Yes! And one of the frustrations is that after spending all that time creating these environments, they then squander them a bit.

Take GTA IV. All that time spent creating a city that creates the illusion of being a living breathing place - billboards, shop fronts, parks, hi-rises, slums, the lot. And all it's used for is one game and a couple of expansion packs.

I'm not asking for more GTA, but I've always thought it's a bit of a waste to throw it away and start again. How about a racing game? A Mirror's Edge-type parkour simulator across all those rooftops? An RTS using rival gangs? Maybe even yet another near-future modern warfare FPS? It just seems a waste to throw these places away after one use.

LA Noire is a particularly egregious example. Given its flaws and its troubled development, it seems unlikely it will get a sequel, or that someone will attempt something similar. So this apparently-accurate simulation of 1940s LA gets one outing, and that's it. Maybe developers should start treating these environments more like studio backlots.
posted by liquidindian at 6:38 AM on October 17, 2012 [33 favorites]


Thanks for sharing this.

My favorite part of LA Noire is simply driving around looking at the incredible details that most people (understandably) wouldn't notice. I've spent plenty of time downtown and in Hollywood over the years, and each time I play it, I'll find another hidden true-to-life building that someone must've spent hours recreating.

I've wanted to show this to my grandparents, also. My grandpa moved to Hollywood from Minnesota in 1938, and my grandma came to Hollywood from Georgia in 1939.

Their lives as teenagers and young adults dealing with the war match characters from this game in incredible ways. They've both told me countless stories about old restaurants and theaters they loved, like Clifton's, the Egyptian, the Pig and Whistle... all places you can find.

I think when I go see them for Thanksgiving, I'll lug along the Playstation and give them a driving tour.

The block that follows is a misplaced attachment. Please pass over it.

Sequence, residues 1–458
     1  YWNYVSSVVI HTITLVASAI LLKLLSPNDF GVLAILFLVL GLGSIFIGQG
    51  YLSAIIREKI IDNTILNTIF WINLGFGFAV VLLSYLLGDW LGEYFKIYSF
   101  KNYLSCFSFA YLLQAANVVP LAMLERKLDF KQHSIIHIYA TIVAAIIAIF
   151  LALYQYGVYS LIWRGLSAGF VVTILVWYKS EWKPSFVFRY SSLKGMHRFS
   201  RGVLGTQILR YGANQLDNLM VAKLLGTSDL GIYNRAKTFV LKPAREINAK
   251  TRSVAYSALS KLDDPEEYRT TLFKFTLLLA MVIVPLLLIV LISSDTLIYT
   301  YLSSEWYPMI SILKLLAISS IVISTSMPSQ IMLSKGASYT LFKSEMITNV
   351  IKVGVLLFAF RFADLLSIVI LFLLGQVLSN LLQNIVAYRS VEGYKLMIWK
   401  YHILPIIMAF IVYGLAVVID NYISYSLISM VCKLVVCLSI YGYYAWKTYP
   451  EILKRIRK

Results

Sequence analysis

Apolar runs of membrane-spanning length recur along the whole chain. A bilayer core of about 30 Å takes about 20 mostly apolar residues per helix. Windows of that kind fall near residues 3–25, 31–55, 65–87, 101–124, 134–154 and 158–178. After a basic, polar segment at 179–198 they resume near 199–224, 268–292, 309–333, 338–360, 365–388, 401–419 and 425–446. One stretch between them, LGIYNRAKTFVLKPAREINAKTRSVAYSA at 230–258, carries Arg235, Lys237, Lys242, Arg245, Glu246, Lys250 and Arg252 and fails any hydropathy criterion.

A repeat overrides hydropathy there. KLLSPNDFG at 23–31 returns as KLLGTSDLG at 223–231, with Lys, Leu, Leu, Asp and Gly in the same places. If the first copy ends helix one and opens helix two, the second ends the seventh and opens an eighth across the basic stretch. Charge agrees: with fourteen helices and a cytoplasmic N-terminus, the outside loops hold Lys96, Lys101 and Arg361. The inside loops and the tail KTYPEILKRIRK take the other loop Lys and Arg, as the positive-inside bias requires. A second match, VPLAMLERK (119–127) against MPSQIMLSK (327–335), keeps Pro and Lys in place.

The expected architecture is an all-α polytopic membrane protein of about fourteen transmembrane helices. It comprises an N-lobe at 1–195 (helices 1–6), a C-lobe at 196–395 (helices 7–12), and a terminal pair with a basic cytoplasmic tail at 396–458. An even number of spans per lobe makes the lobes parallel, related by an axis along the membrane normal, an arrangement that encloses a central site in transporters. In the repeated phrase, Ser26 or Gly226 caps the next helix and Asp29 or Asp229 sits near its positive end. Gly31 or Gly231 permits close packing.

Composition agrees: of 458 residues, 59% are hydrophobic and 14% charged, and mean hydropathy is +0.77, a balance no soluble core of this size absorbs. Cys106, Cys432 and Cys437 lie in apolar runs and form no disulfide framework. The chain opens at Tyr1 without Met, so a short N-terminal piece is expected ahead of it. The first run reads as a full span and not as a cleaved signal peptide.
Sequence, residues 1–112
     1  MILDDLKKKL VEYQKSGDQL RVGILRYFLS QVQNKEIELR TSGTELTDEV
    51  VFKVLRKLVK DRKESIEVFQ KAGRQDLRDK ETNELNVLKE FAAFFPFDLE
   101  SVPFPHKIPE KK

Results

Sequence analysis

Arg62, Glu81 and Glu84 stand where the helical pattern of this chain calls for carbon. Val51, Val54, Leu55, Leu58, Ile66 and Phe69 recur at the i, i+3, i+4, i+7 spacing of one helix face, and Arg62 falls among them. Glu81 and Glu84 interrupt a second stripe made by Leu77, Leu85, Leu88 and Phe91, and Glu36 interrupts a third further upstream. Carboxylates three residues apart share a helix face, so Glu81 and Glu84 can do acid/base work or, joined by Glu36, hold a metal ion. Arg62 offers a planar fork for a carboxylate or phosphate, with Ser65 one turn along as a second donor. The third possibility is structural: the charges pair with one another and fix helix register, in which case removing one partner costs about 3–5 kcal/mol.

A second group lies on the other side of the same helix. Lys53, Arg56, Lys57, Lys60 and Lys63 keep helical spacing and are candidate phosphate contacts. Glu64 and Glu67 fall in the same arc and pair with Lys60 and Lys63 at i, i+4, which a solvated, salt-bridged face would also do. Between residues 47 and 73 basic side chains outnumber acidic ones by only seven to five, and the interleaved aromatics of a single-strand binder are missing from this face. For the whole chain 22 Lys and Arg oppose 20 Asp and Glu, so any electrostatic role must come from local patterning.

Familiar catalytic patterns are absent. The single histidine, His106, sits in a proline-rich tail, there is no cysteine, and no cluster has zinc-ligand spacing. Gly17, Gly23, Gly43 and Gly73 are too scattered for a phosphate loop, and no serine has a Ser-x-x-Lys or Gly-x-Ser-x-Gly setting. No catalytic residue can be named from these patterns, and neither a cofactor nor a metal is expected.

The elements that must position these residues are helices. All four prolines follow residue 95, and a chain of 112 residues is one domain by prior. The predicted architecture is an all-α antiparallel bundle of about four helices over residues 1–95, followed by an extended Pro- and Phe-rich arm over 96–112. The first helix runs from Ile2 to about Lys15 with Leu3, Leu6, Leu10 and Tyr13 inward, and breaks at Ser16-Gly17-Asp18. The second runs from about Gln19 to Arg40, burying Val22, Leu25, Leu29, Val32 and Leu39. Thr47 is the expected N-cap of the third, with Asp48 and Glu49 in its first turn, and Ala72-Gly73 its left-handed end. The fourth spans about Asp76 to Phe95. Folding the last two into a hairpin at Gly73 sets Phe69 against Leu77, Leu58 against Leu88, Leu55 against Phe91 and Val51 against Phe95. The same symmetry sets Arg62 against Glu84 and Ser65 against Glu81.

posted by Old Man McKay at 6:49 AM on October 17, 2012 [13 favorites]


Old Man McKay: I think when I go see them for Thanksgiving, I'll lug along the Playstation and give them a driving tour.

I would absolutely love to hear about that.
posted by Rock Steady at 7:10 AM on October 17, 2012 [3 favorites]


I've mentioned it here before, but I'm still waiting for some game company to develop a game engine that generates worlds in real time based off of Google Maps/Earth data (GTA:Branson!).

Playing LA Noire I would often stop and admire the details like the tile work on a storefront or the trim around a door. Or look at a little bungalow and wonder if it was just built after WWII for a returning serviceman.
posted by sourwookie at 7:14 AM on October 17, 2012


I like how the article starts with a story about the author's grandfather basically shooting someone in the back.
posted by regicide is good for you at 7:41 AM on October 17, 2012


Well, no, it starts with his grandfather explicitly avoiding shooting someone in the back.
posted by griphus at 7:42 AM on October 17, 2012 [2 favorites]


So this apparently-accurate simulation of 1940s LA gets one outing, and that's it. Maybe developers should start treating these environments more like studio backlots.

Modders certainly do.

Nothing like that for LA Noire yet. Give it a year.
posted by LogicalDash at 7:43 AM on October 17, 2012 [3 favorites]


LA Noire could have been such a great game. I gave up when I got stuck on an interrogation, broke down and downloaded a walkthrough, and even with the correct answers in front of me still couldn't make sense of why asking about object A is correct and asking about object B is wrong. It's a beautifully designed and well-performed game of Read The Game Designer's Mind. Such a shame.
posted by ook at 7:59 AM on October 17, 2012 [2 favorites]


It helps to come to the game after having played the entire Phoenix Wright series, I think. Also to abuse the ability to back out of a “you're lying” dialog after you realize you shouldn't have done that.
posted by Holy Zarquon's Singing Fish at 8:17 AM on October 17, 2012


I have to agree with Ook's criticism of the game itself, but this is a really neat article. Thanks for posting it. I can only imagine how wonderful it would feel to read this article if you were someone who worked on the game.

"For a few hours I was able to re-explore the L.A. I knew in the late forties and early fifties with my son." That's incredibly cool and, I have to guess, not the type of benefit that you necessarily expect to be providing to the world when your job is in video games.
posted by cribcage at 8:33 AM on October 17, 2012 [2 favorites]


For sure, I've definitely experienced it the other way. After years of GTA 3 and IV running around in Liberty City, I visited NYC for the first time this summer. I was constantly irritating my friends with "Awww, I've been here... in GTA." and "Awww, I killed someone in this bathroom... in GTA."

God yeah. When I went to Miami Beach right after 6 months of playing Vice City, my mind damn near melted.
posted by COBRA! at 8:36 AM on October 17, 2012 [1 favorite]


I didn't love L.A. Noire as a game, but I loved this article.

Thanks, OP.
posted by HostBryan at 8:41 AM on October 17, 2012


Or even when we all first accessed Google Earth

Someone's going to do one of those vast Minecraft imports by harnessing it to Google Earth and that'll be that.
posted by Durn Bronzefist at 8:44 AM on October 17, 2012 [2 favorites]